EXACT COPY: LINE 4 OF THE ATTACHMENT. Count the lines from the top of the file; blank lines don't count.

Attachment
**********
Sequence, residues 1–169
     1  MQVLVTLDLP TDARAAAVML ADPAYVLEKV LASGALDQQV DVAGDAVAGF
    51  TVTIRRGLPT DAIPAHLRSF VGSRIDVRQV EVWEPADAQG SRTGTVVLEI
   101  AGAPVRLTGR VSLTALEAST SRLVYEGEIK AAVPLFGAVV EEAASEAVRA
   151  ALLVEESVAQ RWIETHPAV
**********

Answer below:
   101  AGAPVRLTGR VSLTALEAST SRLVYEGEIK AAVPLFGAVV EEAASEAVRA